Intermediate/advanced microcontroller options

Discussion in 'Electronics & Electrics' started by Elder, May 8, 2008.

  1. Elder

    Elder Member

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    I was hoping we could get a discussion going on microcontroller selection that go's a little bit further than the 'my first microcontroller' threads. I don't have particular requirements in a microcontroller. Just after a general discussion on the options available, and who does what well in peoples experience.

    For example some things I don't know and would like to:

    -ARM7/ARM9... often discussed with linux or other operating systems, especially ARM9 from what I've skimmed over so far. Difficulty of programming without an operating system?

    - ARM7.. lots of manufacturers.. eg Philips/Atmel/etc. Any comments on who's support is superior/inferior to the rest?

    - DSPs.. Zero exp here for me.. when I think about DSPs what I'd want is excellent app notes / pre-made free dsp code for common DSP tasks. Eg. If I wanted to do an FFT, I'd expect to use free code from a DSP package.. that could be found easily. I don't think I should have to worry about efficient fixed point algorithms for things I would consider common DSP tasks.. but I'd like to not pay for it too. Am I asking too much?

    - cheapish full feature dev boards, programmers etc.. cheap ways to enter into 16bit+ relatively powerful micros? Are any/many of these micros programmable directly over their UART (or whatever) to the PC straight from the dev environment? ie no programmer, press program button from within the dev environment... oh how I would like that :p
     
  2. spludgey

    spludgey Member

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    Can't say anything for the programming as I've never done that, but last time I worked with microcontrollers arm9 was actually cheaper than arm7. Something like a Euro price difference.

    I designed a control system around the arm9, but then we went with the arm9 because the elec engineer was used to programming them. :mad:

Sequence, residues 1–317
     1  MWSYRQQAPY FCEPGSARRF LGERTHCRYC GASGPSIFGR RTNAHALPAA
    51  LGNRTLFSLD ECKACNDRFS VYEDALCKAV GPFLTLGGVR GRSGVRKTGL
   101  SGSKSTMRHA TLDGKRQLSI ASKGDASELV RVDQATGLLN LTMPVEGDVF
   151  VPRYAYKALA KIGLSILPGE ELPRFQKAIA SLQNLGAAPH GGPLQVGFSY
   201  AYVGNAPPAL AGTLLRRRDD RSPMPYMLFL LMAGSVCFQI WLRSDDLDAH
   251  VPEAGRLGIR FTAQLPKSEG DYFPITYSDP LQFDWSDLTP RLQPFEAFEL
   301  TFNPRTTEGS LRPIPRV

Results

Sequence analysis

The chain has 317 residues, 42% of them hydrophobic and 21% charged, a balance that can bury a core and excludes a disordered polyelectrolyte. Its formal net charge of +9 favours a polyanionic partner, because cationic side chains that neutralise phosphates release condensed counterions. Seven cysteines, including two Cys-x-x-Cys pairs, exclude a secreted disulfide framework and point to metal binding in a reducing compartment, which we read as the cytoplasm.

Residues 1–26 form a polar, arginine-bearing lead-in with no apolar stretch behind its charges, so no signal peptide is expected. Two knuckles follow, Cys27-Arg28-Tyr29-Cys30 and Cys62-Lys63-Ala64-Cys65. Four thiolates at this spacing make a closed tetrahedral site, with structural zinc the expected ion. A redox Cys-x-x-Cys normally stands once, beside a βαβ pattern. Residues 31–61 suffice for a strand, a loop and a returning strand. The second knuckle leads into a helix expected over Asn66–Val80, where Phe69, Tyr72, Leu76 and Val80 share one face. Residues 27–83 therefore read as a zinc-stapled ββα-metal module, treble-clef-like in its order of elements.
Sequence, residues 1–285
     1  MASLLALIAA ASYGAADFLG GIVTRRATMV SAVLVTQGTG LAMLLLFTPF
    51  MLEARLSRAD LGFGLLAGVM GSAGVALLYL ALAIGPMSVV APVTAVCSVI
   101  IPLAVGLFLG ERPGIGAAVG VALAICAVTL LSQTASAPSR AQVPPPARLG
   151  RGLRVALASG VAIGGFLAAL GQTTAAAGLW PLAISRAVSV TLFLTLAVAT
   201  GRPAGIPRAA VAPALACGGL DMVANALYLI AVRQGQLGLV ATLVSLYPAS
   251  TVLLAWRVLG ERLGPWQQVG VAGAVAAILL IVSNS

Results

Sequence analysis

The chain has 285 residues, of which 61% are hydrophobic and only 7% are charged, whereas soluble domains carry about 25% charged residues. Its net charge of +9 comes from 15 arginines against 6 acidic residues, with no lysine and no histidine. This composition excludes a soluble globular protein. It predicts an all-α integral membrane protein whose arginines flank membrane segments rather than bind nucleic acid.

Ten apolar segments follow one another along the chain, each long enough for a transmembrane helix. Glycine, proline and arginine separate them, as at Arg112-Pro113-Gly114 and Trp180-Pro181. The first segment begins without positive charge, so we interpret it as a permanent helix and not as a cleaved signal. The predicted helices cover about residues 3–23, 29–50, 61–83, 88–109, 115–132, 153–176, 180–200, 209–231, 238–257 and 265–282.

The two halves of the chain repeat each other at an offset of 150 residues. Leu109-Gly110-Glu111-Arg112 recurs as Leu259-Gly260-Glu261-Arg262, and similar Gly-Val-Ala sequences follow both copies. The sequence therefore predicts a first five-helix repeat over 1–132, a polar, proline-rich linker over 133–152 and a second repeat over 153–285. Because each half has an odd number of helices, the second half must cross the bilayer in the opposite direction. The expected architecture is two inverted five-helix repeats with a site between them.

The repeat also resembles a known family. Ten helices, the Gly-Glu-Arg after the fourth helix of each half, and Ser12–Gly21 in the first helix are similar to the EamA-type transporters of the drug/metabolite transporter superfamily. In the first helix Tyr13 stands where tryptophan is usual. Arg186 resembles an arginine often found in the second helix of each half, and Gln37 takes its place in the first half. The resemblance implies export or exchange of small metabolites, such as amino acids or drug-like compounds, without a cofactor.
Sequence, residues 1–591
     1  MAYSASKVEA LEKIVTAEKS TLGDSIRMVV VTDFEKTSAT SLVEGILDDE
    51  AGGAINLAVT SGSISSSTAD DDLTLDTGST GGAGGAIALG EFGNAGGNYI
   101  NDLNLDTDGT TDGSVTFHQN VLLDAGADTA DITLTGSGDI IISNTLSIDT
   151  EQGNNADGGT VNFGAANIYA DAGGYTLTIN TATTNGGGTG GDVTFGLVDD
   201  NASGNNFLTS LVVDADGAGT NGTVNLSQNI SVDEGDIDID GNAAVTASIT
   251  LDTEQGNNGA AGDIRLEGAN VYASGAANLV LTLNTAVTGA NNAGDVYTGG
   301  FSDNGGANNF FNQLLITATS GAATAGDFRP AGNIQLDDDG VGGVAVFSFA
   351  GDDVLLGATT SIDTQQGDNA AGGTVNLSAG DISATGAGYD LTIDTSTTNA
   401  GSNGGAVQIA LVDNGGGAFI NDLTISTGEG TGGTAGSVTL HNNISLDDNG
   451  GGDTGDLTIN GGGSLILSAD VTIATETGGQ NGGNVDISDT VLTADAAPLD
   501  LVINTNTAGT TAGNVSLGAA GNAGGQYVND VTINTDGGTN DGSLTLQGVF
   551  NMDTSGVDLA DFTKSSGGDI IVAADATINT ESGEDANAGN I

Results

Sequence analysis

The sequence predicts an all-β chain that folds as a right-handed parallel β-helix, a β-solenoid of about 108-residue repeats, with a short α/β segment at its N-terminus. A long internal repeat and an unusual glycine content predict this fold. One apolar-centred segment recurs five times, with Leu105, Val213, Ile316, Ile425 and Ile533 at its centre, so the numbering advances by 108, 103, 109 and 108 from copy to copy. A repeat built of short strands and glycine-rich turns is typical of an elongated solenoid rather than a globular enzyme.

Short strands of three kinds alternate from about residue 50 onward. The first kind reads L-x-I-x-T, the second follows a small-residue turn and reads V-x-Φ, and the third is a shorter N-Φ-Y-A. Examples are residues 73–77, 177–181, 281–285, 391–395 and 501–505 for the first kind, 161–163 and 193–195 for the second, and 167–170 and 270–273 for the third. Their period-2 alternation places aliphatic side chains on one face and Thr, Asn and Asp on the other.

3. Foliage

    Foliage Member

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    What kind of project are you looking to build?
     
  4. OP
    OP
    Elder

    Elder Member

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    I want to step into something more powerful than 8bit micros (or low-ish level 16bit micros). No project in mind.. personal learning.. something that is a big enough jump that its not overlapping too much with what I can do if you know what I mean. Would like to buy a feature packed dev board to play around with once I know what I'm stepping into.

    I have a rough understanding of what different systems are capable of hardware wise but it seems like a slow process to go through all the options and learn about things like:
    -total cost of entry
    -quality of dev enironment & data sheets
    -quality of compiler
    -quality/quantity of application notes
    -availability of free drivers/libraries (ready made code)
    -user support
     
  5. newmarket

    newmarket Member

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    I'd really like to build a debian system around an arm9, or something similar. I'm thinking about an always on device serving files, and running some utility apps like asterisk, openvpn, maybe apache.

    I have an ASUS WL-500gp, and it's good but I'd like something with more grunt. That and I'd really like to try out a project like -- for fun.

    Am I way out in left field???? I don't even know where to buy an arm9.

    I would appreciate any input.
     
  6. nudge

    nudge Member

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    Texas Instruments range of DSPs have a heap of quality application notes, code libraries and code examples. They have pretty good optimising C compilers, have a royatly-free real time kernel (DSP/BIOS), and their development tools are pretty decent. Their datasheets are extremely thorough, though there I have spotted the occasional mistake in them. However their devices and development tools are not cheap. Also, their toolchain (and Code Composer) is proprietary and in most cases, Windows only.
     
    Last edited: May 12, 2008
  7. newSpeak

    newSpeak Member